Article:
The outside looks OK.

On the hanger you can see how lop-sided the collar patch is.

In the end she got what she wanted with losing one pocket.

This week Mr. Mole took the plastic cover off of the winter veggies so I could harvest our first batch of spinach. Another job done was planting strawberries and an artichoke plant.

So that Nadine could be with us in the garden when the weather gets nicer, we put a harness on her and attached a leash to get her used to walking around outside.

But what she really likes, like most cats, is to go in a paper bag…action shot:

We are very much looking forward to getting our first vaccine shots the middle of March. It has taken a long time and a long list to qualify for the over 70 year olds and fingers crossed the vaccine will be in supply the day we show up!!!

More brides have made appointments this month and I have a cool project for Nancy that I will be sharing with you too! Happy sewing everyone!

 

 

 

 

 

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Competition Jacket

Last time my friend needed a favor for his son’s upcoming Martial Arts competition, I ended up covering the whole jacket with the American flag. You can click on the link to see more of that project from Nov 2019.

Thankfully, this time all that had to be done decoratively was adding ribbons and small flags and…removing 9 extra inches in the front triagular panels. First thing to do was remove the inside and outside ties as the boy wears a belt over the jacket. The dad thought I could just fold under the excess fabric and stitch through everything…ok, he is a gardener and not into sewing.

Open the band seams and release and remove the ties:

I soon realized that the triangles would have to be removed and/or repositioned to avoid any more bulk.

Then I have to open all the front seams and along the front bands. Using my scalpel helps and on the back side, the bobbin threads/chain stitches can be pulled to release.

Here is the mess with both fronts opened:

Once released, the flat fell seams look lke this:

Both flat felled seams are pointing the same direction so only one will be repostioned and not cut away. That would be the left one:

I measure over using the old seam as a guide and thread trace for the new positon. You can see at the hems, they do not match up…geometry going on here?

I will serge 3/8 inch away from the new seam line and press it up to meet the old flat felled seam edge before stitching everything down flat again.

Left side finished, sorry no more photos, and we have the right front panel. As with the left side, the old edge will have to move 4.5 inches towards the band instead of away from it. The under side will be trimmed away and serged close to the band and the old edge stitched down flat again. In order to make the junction where the band meets the panel up higher, I had to open the band seam to get a better angle.

Here is what it looks like on the inside of the right side. Of course, all this excess will be trimmed away on both sides.

Original edge pinned along the band…notice the gap/step-down along the hem? Yeah…of course this happens…what to do? I’m going to open up the hems, all 3 rows of stitching and make them all line up. In the end, all of the hems will be covered in ribbon so it can look like a dog’s dinner on the inside and no one will know. Well,  just you and me!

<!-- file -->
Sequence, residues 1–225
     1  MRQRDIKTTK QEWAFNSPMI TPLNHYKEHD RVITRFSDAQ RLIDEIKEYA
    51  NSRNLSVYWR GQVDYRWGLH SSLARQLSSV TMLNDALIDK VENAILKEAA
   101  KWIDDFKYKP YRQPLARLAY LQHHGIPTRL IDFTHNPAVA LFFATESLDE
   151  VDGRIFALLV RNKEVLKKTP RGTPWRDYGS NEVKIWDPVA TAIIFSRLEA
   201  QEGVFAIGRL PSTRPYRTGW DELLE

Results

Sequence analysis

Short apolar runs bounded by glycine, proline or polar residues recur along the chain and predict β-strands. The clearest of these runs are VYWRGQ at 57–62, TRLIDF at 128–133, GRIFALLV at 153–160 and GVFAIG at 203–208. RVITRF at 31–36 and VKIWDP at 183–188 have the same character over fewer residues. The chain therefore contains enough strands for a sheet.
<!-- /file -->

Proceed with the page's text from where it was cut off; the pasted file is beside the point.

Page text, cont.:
The left side has a slight dip in the middle of the hem too but I’ll treat it the same way…wrestle it into submission and slap the ribbon over the whole mess!

Once the body is done, let’s pin the ribbon on the bands. It is just 1/4 inch narrower than the band so just a tiny 1/8 inch of white will show along the edges. Sometimes when we do custom work, it ends up looking so professional when things sit well and flat. If the ribbon was wider, it would have had to slide over the edge and look….well…homemade…horrors!

Ribbon bands attached, wrist ribbons attached and hem ribbons attached…the special request was to have small flags attached to the armpits so when the boy wins his heat, he raises his arms to show the flags and his pride.

There was no way I could get those flags to fit flat in the armholes so I moved them into the sleeve area and even then it was a challenge. Besides being awkward, did I mention that this jacket/ghee was made out of the thickest duck fabric on earth? Lordie, this was meant to be a tent but somewhere in a factory far far away, using industrial machines and methods, this duck cloth managed to be made into something wearable. It is mind-boggling that something so stiff that could stand up on its own would be just the thing for little boys to wear and compete in and wrestle each other to the ground

The back is left blank for attaching award patches. The ghee and all the ribbons and flags were pre-washed and pre-shrunk.

Beside sewing this week, I want to share our new housemate with you. Her name is Nadine and she was a rescue cat found with her 5 baby kitties and fostered until the shelter could find a home for her. As our local ASG makes and donates cat blankets to this shelter, it was funny to see a cabinet filled with the same familiar flannel blankets when we went to meet her.

She was the most chilled out cat and started purring like crazy as we approached her cage…OK maybe that was her way of luring us in to pet her and fall in love…OK …it worked. We took her home after her kitties had been adopted and she was spayed and micro-chipped.

We are learning to keep the doors to my sewing room shut to avoid any bridal CATastrophes.

Hoping your Valentine’s Day was pleasant and filled with little treats! Our neighbor who makes the BEST cookies dropped some by to share. Thank you so much Melanie!